Patrice Evra's first appearance in English football was in a derby at Manchester City, and it proved a baptism by fire.
Surprisingly named in the Manchester United side just four days after signing, he endured a horrendous afternoon at Eastlands, as City ran out 3-1 victors. The first goal, scored by Trevor Sinclair, originated from a right-wing cross. Evra wasn't responsible for the concession, but his positioning was odd -- dragged out from the back four, he made no attempt to get back into defence. At this point, he was still convinced his future was on the left of midfield.
Things got worse. Sinclair easily outjumped Evra to a long ball, flicking it on for Darius Vassell to double Manchester City's lead. Evra wasn't culpable for City's other goal -- because he was no longer on the pitch, hauled off at halftime.
Alex Ferguson must take some responsibility for his curious selection decision that afternoon in 2006. He admitted after the game that it was "a gamble" to thrust Evra straight into the action, and there was no good reason to break up the back four (Gary Neville, Rio Ferdinand, Wes Brown and Mikael Silvestre) that had kept a clean sheet at Arsenal the previous weekend. Oddly, in selecting Evra at left-back, Ferguson also convinced himself to disrupt the centre-back partnership, picking Silvestre over Brown because the former spoke French and therefore could guide Evra through the game.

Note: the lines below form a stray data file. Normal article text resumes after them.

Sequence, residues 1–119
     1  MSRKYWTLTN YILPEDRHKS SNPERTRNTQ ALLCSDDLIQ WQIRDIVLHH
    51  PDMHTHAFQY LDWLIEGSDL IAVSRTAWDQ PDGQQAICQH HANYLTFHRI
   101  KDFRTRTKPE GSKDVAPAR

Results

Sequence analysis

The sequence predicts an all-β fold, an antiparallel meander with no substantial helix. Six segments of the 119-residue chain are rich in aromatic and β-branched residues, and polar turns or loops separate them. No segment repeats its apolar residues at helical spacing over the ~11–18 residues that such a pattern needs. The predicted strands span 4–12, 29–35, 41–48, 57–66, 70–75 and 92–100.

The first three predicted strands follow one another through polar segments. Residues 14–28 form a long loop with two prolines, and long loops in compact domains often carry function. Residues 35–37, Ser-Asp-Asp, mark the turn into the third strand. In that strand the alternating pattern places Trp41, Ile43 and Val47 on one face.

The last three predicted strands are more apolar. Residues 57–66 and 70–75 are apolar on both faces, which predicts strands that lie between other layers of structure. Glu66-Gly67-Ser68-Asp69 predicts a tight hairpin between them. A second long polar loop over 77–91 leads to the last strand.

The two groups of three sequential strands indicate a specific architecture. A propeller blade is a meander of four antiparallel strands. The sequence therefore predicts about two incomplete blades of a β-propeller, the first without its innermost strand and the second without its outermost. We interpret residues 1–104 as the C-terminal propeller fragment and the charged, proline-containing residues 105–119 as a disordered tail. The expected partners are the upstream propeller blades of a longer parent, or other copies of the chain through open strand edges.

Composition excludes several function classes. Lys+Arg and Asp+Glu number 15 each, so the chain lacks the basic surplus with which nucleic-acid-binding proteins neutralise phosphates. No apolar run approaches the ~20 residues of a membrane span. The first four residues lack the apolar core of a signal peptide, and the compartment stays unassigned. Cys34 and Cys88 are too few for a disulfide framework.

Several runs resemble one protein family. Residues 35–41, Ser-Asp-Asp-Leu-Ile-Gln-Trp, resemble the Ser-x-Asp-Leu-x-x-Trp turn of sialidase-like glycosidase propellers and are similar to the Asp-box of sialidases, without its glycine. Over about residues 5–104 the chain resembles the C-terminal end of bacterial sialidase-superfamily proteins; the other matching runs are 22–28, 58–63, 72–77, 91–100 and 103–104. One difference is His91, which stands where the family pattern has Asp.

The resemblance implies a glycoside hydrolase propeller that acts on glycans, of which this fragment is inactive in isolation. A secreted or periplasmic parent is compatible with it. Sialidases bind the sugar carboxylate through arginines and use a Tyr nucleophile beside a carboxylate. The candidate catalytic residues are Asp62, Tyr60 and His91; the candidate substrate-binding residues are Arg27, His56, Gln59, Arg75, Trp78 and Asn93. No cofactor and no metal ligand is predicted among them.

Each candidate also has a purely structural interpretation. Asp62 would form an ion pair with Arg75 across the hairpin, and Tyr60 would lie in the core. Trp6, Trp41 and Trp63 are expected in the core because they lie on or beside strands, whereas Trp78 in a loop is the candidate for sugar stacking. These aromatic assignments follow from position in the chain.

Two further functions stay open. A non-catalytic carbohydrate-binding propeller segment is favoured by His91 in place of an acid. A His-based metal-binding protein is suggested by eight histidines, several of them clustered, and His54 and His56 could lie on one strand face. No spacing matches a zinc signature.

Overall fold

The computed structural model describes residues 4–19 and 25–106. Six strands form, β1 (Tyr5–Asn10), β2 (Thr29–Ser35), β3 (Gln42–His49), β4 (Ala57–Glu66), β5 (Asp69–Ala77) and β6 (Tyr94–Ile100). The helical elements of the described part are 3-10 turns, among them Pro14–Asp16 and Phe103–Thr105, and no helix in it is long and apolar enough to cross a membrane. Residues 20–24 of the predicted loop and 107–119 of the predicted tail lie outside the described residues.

But Evra played poorly, and Ferguson let him know. "I could tell he was angry," Evra said. "He just looked at me, deadly serious, and said, 'Mr. Evra, now just watch and see what is English football. And learn.'"
To Evra's credit, he did. Just a couple of years later, he was regarded as the world's best left-back as United won the European Cup in 2008.
Since then, Evra's career has been rather eventful. There was the altercation with a Chelsea groundsman at the start of 2008-09, his role as France captain during their embarrassing World Cup 2010 campaign and the fallout from the Luis Suarez incident in 2011-12. This period coincided with a sharp fall in Evra's form.
But if there's one thing you must never do when discussing Manchester United players, it is to consider them "past it." Paul Scholes' career once seemed to have ended prematurely because of tactical and health concerns; he reinvented himself and came back stronger. Ferdinand and Nemanja Vidic's declining pace means they should surely have been replaced by now, but they've started the campaign as United's first choice at the back. Ryan Giggs, meanwhile, has seemed one year away from retirement for about six years.
His resurgence won't be appreciated to such an extent, but Evra's performance over the past calendar year has been truly exceptional. During that period, probably only Michael Carrick and Robin van Persie have been so guaranteed of their place in the United side. David De Gea has been rotated out, Vidic was omitted for the game at the Bernabeu last year, Wayne Rooney missed the return leg, and Ferdinand needs to be rested every few weeks.
Evra has beaten off the challenge of Alexander Buttner, signed last season from Vitesse Arnhem. It was a peculiar signing. Buttner wasn't particularly highly regarded in Holland and is yet to win a Dutch international cap despite the Netherlands looking for alternatives in that position since Giovanni van Bronckhorst's retirement in 2010.